MORE God-fearing men than myself may be well-advised to follow the ninth commandment; the one that decrees thou shall not covet thy neighbour’s wife. But what about coveting the interior of thy car’s cousin? Surely that’s not off limits?
See, I recently fell under the spell of the stunning, game-changing interior of the Land Rover Velar, with its dual-screen lushness and high-end touch points. As I sat there making lame little cooing sounds, it brought into sharp relief the generational gap between it and the perfectly adequate, but rather less-stunning interior of my XF. I admit to a few improper thoughts, Lord; those of the lustful kind.
Yes, different brands, and models from different eras. The reality is that interior design and in-cabin technology is one area of the automotive world that’s been on a sharp upswing in recent years, so it’s inevitable that design and features considered seductive and cutting edge in 2015 may appear a little passé as 2019 looms.
Specifics? The pop-up rotary gear selector in the XF – which actually debuted in the first-gen XF (X240) from 2007 – never feels as intuitive nor as satisfying to use as a conventional lever. And the air vents that rotate into the open position as the ignition is switched on – another carry-over from the X240 – now feel a little gimmicky.
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But I’ve been diligently noting more practical shortfalls, such as the front door bins that aren’t designed to take a water bottle, or the fact that there’s nowhere to store the key if the cupholders are in use. Then there’s the USB ports mounted high in the rear of the lidded centre console, meaning that the cables’ plugs block you from either placing or retrieving anything from within the box.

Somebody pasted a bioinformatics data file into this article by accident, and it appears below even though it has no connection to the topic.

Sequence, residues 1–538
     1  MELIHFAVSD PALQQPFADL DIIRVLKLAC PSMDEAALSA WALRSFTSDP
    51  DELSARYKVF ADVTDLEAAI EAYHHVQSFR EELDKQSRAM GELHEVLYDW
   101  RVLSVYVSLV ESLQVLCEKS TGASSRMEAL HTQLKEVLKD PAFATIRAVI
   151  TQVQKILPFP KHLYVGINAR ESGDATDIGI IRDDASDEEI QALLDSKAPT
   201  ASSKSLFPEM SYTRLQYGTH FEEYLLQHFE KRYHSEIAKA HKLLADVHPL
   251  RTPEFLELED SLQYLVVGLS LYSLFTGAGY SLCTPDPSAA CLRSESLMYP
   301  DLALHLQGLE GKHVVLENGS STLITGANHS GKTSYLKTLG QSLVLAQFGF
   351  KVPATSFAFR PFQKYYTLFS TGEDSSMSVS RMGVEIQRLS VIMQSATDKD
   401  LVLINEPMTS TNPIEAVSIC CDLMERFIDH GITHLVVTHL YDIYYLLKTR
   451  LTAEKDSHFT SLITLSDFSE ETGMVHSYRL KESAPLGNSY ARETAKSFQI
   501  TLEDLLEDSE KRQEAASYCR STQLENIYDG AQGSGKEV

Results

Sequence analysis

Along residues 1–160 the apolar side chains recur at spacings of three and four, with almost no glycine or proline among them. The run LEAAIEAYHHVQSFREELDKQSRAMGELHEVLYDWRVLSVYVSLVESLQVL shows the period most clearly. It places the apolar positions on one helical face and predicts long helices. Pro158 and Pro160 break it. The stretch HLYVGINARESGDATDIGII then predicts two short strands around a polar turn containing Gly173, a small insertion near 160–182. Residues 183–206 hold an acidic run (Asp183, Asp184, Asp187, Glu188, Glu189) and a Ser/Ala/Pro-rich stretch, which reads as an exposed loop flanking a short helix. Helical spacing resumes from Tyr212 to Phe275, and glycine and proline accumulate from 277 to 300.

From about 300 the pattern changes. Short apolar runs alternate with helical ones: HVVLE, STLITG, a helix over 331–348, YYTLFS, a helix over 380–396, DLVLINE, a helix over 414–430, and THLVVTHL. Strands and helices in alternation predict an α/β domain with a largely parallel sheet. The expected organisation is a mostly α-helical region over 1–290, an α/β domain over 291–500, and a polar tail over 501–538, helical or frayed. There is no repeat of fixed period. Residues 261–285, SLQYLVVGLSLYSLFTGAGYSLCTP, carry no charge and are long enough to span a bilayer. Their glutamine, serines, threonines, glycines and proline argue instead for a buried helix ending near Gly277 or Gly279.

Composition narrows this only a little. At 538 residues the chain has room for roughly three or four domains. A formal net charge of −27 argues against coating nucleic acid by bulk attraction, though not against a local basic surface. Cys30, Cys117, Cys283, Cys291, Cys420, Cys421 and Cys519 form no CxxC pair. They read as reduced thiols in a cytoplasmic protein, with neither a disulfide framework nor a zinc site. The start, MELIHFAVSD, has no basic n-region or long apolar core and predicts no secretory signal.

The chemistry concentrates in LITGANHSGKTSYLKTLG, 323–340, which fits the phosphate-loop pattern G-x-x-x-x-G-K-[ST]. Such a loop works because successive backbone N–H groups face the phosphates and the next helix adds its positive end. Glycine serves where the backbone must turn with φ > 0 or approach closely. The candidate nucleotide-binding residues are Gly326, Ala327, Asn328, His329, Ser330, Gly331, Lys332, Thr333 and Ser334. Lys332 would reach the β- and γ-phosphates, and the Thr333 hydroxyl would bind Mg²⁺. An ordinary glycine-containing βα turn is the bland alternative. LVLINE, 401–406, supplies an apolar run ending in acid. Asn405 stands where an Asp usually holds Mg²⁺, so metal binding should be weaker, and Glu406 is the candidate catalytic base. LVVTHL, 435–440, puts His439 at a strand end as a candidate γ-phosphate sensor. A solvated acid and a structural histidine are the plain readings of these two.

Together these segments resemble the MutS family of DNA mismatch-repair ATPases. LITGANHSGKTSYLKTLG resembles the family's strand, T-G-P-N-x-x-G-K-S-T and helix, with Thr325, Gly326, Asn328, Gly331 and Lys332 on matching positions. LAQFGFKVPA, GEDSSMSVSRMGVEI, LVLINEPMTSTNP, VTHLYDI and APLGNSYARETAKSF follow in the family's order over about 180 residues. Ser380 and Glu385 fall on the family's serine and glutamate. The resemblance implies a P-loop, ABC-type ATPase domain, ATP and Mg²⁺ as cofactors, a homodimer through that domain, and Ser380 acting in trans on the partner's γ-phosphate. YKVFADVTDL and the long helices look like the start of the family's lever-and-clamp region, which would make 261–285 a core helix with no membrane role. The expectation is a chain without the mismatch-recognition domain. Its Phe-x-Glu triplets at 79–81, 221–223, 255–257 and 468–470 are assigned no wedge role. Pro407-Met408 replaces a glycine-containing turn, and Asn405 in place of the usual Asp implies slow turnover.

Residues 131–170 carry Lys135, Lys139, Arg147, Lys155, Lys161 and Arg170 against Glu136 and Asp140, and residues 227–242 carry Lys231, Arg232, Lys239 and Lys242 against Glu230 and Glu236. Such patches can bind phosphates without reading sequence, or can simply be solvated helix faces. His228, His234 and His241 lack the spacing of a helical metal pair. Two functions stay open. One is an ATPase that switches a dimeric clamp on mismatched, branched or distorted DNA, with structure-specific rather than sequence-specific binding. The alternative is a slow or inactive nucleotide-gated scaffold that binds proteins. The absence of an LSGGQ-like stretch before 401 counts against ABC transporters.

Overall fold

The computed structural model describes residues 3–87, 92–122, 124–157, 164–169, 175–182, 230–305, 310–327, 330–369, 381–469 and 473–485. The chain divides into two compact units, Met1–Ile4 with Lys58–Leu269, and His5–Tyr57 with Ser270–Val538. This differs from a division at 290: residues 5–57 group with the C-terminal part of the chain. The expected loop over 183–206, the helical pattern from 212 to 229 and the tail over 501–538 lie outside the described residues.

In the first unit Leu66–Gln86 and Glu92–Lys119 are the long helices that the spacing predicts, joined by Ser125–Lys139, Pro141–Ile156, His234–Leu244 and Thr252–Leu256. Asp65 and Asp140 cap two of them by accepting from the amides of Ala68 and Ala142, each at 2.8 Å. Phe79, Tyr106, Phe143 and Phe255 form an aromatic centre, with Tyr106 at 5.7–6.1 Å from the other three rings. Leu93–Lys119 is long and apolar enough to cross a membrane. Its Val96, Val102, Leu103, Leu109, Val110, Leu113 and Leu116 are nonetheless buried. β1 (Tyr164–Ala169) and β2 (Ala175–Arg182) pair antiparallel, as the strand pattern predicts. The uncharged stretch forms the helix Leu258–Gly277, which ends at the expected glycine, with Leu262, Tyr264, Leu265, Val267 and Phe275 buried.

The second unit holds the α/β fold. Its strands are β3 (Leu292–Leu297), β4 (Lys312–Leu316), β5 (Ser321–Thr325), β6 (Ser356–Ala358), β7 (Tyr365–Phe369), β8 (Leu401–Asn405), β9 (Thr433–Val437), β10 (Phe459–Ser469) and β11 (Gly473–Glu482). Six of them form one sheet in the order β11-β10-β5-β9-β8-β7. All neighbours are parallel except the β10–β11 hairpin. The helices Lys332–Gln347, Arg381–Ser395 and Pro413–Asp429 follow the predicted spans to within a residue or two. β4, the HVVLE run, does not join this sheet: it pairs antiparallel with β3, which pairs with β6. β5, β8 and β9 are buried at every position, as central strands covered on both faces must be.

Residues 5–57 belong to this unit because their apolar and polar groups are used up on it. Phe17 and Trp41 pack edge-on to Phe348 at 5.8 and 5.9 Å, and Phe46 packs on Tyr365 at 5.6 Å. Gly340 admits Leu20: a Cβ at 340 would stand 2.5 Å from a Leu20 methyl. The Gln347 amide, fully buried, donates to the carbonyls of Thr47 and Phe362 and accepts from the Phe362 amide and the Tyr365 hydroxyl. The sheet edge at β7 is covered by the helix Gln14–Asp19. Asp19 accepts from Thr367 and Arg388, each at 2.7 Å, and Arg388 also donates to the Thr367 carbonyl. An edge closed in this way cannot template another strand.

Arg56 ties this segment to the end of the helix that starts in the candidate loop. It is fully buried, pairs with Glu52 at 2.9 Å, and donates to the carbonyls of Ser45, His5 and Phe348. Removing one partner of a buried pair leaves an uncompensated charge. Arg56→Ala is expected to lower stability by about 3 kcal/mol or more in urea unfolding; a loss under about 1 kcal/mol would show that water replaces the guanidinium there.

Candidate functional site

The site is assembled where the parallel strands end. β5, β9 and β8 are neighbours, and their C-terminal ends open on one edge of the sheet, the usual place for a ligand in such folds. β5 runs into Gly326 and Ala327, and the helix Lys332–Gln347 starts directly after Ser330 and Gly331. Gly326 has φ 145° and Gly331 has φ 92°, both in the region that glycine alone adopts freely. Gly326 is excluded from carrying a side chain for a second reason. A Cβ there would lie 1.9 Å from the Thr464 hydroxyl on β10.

But I’ll stop my first-world whinging right there because while the XF stumbles on a few details, it nails the fundamentals comprehensively. The front seats strike a sweet balance between pliant comfort and essential support, the electric column adjustment allows the wheel to glide into an ideal position, and I’m not missing an SUV’s ‘command’ driving position at all.
But what is delivering the most day-to day satisfaction is the dynamic polish. The steering is slick, ideally weighted, and has real nuance either side of centre without ever feeling over-reactive. On this measure alone, the Jag easily beats the multi-mode rack fitted to BMW’s 5 Series. Likewise the ride, which is mostly calm and absorbent, thanks in part to the rear air-springs and adaptive dampers. It’s not what you’d call plush – it’s too disciplined for that – but it dispatches Sydney’s battle-scarred bitumen with just a muted thudding from the 19-inch Goodyears that rarely jars.
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Then there’s its enthusiasm for corners, which is constantly leading me into temptation, especially in the eyes of the law, if not the Lord.